But this is by far one of the most emotionally and intellectually powerful anime films that is out there. It is also stronger, in terms of action packed for the Evangelion universe, since it revolves around a battle and a conspiracy that could literally unravel the entire world as we know it. All the while, the psychological issues of the protagonists present themselves in some of the most unsettling ways.
In a technical sense, End of Evangelion shines with battles that are filled with white-knuckled intensity and fluidity that won’t be forgotten. The character designs originally done by Yoshiyuki Sadamoto are revamped in this film adaptation and are as gorgeous as ever. Being a fan of his distinct style, I enjoyed every moment of it.
The Soundtrack of End of Evangelion is composed by Shiro Sagisu and also uses some famous pieces from classical composer Bach, which works to add to the power of the film. In several moments during the film there is no music at all, which gives a sense of uneasy emptiness while providing symbolic meaning. This is a common element found in Japanese cinema to give the viewer time to reflect on what is being shown.
What strikes a chord with me about End of Evangelion is the mentally visceral value of the ending. The series alone is already riddled with enough enigmatic material, but the film takes it to another level with worrisome results. To add more to this point, I held a panel at Fanimecon 2010 about the philosophical elements of Neon Genesis Evangelion. That panel quickly became a forum just about analyzing the film’s ending.
A downside of this film is that, in order to enjoy it, prerequisite knowledge of Evangelion is a must. So for anyone considering viewing this work who have not watched the series, please do so before seeing End of Evangelion.
Extra facts about Neon Genesis Evangelion: End of Evangelion
(from the IMDB Trivia section and various forums)
- The film was based on the scripts Gainax originally intended to use for episode 25 of the TV series, but were unable to due to budget and production problems, and TV Tokyo’s refusal to allow the episode to be produced for television broadcast. The second half of the film builds upon the script to create an ending concurrent to the one shown in the TV series.
- The red dummy plugs we see injected into the Mass Production Eva series before they launch are labeled “Kaworu”.
- Gendo Ikari’s muted final words to Ritsuko were never scripted. There was originally meant to be an explosion in the background making the line inaudible, but even after it was cut Anno still wanted the line to be unheard. Yuriko Yamaguchi (voice of Ritsuko Akagi) had difficulty delivering the subsequent line “Liar” without knowing what Gendo had said. Anno gave her one small hint as to what the line was, and she instantly knew exactly how to delivery the line. To this day, only Anno and Yamaguchi know what that hint was.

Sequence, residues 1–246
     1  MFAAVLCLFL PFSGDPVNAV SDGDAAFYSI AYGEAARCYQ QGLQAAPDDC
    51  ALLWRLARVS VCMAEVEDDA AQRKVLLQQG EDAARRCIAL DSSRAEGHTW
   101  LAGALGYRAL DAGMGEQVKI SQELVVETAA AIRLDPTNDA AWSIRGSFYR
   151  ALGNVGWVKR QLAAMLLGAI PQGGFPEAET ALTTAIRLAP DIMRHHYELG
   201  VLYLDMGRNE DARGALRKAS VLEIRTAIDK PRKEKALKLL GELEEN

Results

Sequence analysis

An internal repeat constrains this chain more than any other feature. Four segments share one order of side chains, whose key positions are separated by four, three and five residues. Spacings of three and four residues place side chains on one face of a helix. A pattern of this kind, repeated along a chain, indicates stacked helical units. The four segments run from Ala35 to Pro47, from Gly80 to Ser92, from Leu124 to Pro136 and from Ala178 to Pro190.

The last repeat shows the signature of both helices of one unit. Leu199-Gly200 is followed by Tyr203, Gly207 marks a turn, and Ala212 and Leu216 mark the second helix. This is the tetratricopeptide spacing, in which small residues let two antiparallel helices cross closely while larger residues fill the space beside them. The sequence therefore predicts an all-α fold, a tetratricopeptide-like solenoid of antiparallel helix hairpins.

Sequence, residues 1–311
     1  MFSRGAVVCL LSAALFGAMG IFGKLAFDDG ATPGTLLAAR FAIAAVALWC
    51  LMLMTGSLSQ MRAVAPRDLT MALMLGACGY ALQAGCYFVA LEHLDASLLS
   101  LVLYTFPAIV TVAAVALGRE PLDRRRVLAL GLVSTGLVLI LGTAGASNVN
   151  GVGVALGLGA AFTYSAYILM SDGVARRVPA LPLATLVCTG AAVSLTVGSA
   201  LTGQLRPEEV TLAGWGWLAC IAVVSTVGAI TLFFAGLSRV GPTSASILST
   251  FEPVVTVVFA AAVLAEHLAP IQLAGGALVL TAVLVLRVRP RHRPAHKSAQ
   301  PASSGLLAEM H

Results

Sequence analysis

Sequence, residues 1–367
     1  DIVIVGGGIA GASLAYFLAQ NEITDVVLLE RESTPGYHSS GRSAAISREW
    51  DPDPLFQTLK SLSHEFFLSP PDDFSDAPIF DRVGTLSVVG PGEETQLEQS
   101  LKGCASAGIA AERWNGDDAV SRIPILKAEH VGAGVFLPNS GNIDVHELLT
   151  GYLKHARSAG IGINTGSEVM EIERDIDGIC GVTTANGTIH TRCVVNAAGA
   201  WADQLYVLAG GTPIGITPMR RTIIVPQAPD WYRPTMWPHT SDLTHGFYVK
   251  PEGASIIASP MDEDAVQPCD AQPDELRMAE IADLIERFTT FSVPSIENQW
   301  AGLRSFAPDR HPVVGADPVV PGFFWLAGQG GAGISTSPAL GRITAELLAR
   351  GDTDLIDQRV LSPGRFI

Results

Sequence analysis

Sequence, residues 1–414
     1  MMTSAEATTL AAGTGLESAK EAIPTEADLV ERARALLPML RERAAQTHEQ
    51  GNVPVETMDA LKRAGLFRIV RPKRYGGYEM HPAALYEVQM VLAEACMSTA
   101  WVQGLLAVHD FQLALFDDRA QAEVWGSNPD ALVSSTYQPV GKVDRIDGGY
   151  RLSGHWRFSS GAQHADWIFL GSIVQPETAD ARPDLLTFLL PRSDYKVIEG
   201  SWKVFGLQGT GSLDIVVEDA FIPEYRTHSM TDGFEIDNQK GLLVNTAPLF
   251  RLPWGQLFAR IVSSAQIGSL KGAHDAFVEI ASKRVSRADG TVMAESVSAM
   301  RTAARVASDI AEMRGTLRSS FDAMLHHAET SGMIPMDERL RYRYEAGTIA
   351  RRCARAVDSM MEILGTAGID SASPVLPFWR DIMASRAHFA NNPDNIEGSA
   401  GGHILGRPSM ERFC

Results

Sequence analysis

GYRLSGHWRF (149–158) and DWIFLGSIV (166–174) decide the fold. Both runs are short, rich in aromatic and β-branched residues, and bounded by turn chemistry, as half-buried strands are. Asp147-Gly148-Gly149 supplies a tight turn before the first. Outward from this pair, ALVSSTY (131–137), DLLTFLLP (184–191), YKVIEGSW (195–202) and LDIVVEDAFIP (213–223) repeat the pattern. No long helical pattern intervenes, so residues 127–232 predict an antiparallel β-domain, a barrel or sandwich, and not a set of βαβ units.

- One shot in the live-action sequence shows three women with their backs turned to the camera who are dressed exactly like the characters Rei, Asuka, and Misato.
- An alternate sequence was originally planned for the live-action portion of the film. In it, Shinji dreams of a world that exists without him. The sequence follows live-action versions of Asuka, Misato, and Rei in various stages of their daily lives, without NERV, Angels, or Evangelions. It ends with Asuka being followed by an “invisible” Shinji, who realizes in monologue that this is not reality. As the transition from live-action back to animation is made, Rei and Shinji discuss the nature of dreams vs. reality, as seen in the final cut of the film. Portions of this alternate sequence can be seen in the original theatrical trailer, which is shown on the R1 DVD before the movie plays.
- While recording the scene in which Shinji strangles Asuka, Ogata Megumi (Shinji) became so frustrated and agitated that she actually pushed Miyamura Yuko (Asuka) to the floor and strangled her. Because of this, Miyamura had difficulty speaking her lines for a while.
- According to Misato, the computer screen she is viewing near the beginning of the film is a file which reveals the truth of Second Impact. In reality (from what is legible) it is nothing but a short bio on Gainax and its films.
- The title of the film’s second half, “Magokoro wo Kimi ni” (Sincerely Yours), comes from the title of the Japanese version of Charly (1968), which was based on Daniel Keyes’s “Flowers For Algernon”. “Magokoro wo Kimi ni” was reportedly the title given to the first edition of Keyes’s story when it was released in Japan.